In a move that is being widely praised the headmaster of one of Australia’s most prestigious private schools has banned laptops in the classroom because, he says, they are “distracting” for students.
Sydney Grammar has banned students from bringing laptops to school and now requires them to handwrite assignments and essays until Year 10.
The headmaster of Sydney Grammar School, John Vallance told The Australian that the students would be able to access computers only in the school computer lab.
“We see teaching as fundamentally a social activity,’’ he said.
“It’s about interaction between people, about discussion, about conversation.”
“We find that having laptops or iPads in the classroom inhibit conversation — it’s distracting.”
Dr Vallance told the newspaper that he wasn’t anti technology.
“I love gadgets. It’s partly because we all love gadgets so much that we have these rules, otherwise we’d all just muck about. Technology is a servant, not a master.”
“You can’t end up allowing the tail to wag the dog,” he said.
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For the headmaster at the elite school the key to classroom success is conversation but he says technology is having a “powerful normative effect.”
“It’s making it quite difficult for children to learn how to disagree, how not to toe the party line, because they can’t question things — the possibility of questioning things has been taken away from them.”
Dr Vallance said the school studied students in years three and five and found creative writing tasks were more successful with handwritten submissions instead of using a keyboard.
This idea to ban electronic devices, which many are saying should be nation-wide isn't a unique one - though some schools take it to much greater extremes.
In the UK London’s “Acorn” school bans all technology - smartphones, iPads, interactive whiteboards and all screens. There are no laptops, no movies, no Internet.
And that’s not just at school – the families have to commit to the lifestyle at home as well, all for a $22,000 a year fee.
At the age of 14 children who attend the Acorn school are allowed to watch their first ever TV – school approved documentaries and at the age of 16 children are first allowed to access the Internet.
Instead they sew and make their own schoolbooks, they learn “elegant looping longhand” and do woodwork.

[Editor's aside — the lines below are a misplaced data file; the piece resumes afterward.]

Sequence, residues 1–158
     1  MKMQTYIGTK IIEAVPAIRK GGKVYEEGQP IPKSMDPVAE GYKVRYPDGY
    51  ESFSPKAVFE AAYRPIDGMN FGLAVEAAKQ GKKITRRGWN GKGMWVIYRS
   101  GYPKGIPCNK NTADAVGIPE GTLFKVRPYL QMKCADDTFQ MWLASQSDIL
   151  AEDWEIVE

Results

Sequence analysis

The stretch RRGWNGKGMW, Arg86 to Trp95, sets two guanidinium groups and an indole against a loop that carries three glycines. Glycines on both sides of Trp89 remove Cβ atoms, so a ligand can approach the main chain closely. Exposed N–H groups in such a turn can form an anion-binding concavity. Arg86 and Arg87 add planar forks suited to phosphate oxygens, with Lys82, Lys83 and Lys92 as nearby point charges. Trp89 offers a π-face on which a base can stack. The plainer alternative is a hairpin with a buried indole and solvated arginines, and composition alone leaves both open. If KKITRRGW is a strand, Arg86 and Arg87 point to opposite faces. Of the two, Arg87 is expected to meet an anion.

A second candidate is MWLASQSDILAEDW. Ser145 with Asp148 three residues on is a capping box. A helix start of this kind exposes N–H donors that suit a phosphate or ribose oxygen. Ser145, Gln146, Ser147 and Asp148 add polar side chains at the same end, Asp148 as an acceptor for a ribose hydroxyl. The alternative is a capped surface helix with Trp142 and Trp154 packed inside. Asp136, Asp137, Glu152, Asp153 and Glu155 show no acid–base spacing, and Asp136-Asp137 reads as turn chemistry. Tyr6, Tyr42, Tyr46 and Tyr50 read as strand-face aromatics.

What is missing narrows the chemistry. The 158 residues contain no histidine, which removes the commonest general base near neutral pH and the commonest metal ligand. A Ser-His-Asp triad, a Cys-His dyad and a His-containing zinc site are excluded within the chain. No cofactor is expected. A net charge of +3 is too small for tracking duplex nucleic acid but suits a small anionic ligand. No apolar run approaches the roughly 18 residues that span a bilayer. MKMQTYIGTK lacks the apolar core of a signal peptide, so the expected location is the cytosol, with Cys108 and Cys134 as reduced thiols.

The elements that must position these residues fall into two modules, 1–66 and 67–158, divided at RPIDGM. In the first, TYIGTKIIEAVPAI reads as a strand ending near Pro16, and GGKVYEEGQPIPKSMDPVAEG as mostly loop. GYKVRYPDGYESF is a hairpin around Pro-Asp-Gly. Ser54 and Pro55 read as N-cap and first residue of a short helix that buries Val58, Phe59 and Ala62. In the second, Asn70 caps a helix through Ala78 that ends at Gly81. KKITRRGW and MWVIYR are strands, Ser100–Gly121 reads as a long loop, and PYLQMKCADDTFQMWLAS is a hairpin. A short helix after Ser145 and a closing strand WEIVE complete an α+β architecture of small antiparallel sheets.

The London school is often praised for its ethos for getting back to basics, for producing "well rounded" students.
It’s appealing isn’t it?
The thought of your child having good hard working skills like how to knit or how to carve wood rather than spending their time staring at a screen.
And it’s a far cry from the announcement by Bill Shorten last year that, if elected, a Labor Government would “ensure that computer coding is taught in every primary and secondary school in Australia.”
After all who would want their child to learn coding when they could hand crochet an afghan blanket from scratch?
While Sydney Grammar are not taking things to the degree that schools like the one in London do it hasn't stopped many on social media jumping on the "ban technology" bandwagon.
"Great idea! bring back old fashioned pen and paper" is the general gist in the comments section under articles about Sydney Grammar's move.
The fact is that most people these days don’t really bother to read the fine print in news reports and blindly read the headline or the Facebook comments so the take away the message from this has been an inaccurate assumption that a top school has decided that technology and computers have no place in education.
Which simply isn’t true.
We live in a digital world. Technology underlies everything from business, marketing, journalism, science, medicine, aviation to entertainment.
Sydney Grammar hasn’t banned technology – they still have computer labs at school - they are just moving away from them in the classroom.
The reality is that Sydney Grammar may have different educational goals from other schools and parents –after all, being a selective private school with almost one in five of its Year 12 graduates placed in the top 1 per cent of Australian students for Australian Tertiary Admission Rank university entry scores last year and routinely topping the league tables in the national literacy and numeracy tests their undeclared focus is on high achieving test results.
What Sydney Grammar has done is reduced the amount of screen time utilised by students in the classroom and its hard to argue that's not a good thing.
They haven’t banned them, they haven’t reverted back to pen and paper and “good old fashioned values” altogether.
For a school like this who say they aim to produce well rounded capable adults qualified to enter university and perform in the workplace – they would be remiss in “banning” technology altogether. Our children's future will be played out on screens, not through pen and paper - and certainly not through sewing or woodwork - cries to "ban technology" are counterintuitive and detrimental for our students.
What do you think?